For Surviving the Game, Ernest Dickerson graduated to the second level of his directing. His prior film Juice found Omar Epps and Tupac Shakur beating about the hood. The former carries a literary threshold. Not as a word play, though Gary Busey makes a childhood reminiscence about cherry bombs in the forest appear as radical and lived-in as any frame of Robert Shaw’s shark hunter in Jaws.
Meanwhile, composer Stewart Copeland opts for abstract tones, homeless jazz and a wilderness theme a few octaves down from John Barry. As for the plot, Ice-T plays Mason, a down and outer who remembers better days -- a job, wife and child -- all gone. He gets a card from Cole (Charles S. Dutton trying to shake off the xeno saliva from Alien 3) as a promise of employment. He will be a hunting guide for six men. Where? Copeland knows.
There’s a sweeping intimacy to the camera line, a jolt here and a nod there. Not to cinema for Dickerson employs the tongue of the street, the rhyme of the ghetto. One half expects and demands that Ice-T break the wall of fours and perform some rap. Goodness knows the dialogue carries enough F bombs to sink a granny submarine.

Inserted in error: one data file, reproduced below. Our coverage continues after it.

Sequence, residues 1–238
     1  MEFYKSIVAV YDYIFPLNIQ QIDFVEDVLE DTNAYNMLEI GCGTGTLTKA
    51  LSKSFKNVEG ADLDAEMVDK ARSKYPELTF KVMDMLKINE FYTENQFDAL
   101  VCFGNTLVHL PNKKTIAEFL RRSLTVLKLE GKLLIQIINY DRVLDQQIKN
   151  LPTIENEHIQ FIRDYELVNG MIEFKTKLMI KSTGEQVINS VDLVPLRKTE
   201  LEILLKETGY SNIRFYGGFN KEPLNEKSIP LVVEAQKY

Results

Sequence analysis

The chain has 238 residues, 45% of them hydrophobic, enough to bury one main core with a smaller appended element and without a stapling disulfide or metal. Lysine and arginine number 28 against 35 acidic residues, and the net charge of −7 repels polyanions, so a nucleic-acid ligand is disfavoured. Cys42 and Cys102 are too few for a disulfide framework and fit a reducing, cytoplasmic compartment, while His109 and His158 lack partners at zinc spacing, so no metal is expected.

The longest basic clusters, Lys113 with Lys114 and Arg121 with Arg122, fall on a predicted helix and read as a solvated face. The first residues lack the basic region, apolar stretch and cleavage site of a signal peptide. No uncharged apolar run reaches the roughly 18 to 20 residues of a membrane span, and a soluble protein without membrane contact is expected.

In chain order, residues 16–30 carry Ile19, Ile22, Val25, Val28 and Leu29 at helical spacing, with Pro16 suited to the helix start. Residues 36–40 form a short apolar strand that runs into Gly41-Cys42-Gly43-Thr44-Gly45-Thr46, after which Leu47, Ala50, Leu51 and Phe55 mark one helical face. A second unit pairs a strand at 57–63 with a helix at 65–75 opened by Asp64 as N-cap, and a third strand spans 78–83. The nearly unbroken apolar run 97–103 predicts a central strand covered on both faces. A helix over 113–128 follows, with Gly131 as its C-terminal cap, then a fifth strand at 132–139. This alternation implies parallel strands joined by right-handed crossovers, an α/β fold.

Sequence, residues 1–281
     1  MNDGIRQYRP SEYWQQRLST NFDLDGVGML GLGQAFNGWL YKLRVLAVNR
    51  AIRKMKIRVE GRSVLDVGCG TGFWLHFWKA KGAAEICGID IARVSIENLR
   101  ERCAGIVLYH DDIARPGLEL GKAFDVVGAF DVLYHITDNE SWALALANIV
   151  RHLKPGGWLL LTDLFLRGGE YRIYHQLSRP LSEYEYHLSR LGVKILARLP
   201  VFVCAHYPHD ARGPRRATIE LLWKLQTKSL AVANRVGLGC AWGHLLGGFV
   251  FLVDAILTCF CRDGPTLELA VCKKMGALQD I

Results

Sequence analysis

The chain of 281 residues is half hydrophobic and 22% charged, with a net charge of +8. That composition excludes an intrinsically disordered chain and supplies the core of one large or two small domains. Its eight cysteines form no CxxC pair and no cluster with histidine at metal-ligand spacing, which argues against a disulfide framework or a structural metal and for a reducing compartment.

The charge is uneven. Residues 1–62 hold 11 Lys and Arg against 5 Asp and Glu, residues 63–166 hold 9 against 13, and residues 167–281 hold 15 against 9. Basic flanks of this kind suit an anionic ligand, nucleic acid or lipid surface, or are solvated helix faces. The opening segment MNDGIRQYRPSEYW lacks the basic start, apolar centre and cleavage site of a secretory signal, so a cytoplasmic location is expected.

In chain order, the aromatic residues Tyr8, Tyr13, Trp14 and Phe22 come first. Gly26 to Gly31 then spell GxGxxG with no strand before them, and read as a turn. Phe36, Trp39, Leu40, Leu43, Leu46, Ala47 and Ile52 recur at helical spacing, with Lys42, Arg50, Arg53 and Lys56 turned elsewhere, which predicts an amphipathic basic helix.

Not forgetting Rutger Hauer, the most organic character thespian west of Max Von Sydow. He betrays not a hint of the true plan whereby Mason will be a runner, only running for his life.
Gags strut the visual awareness motif: A tree smoking three cigarettes decoys for another type of hit, while a cave can be seen glowing in the dark like a star given shape and form by a telescope.
So remember to check the barrel and stare that ham in the eye when Surviving the Game knocks for the first time.
(Released by New Line Cinema and rated "R" by MPAA.)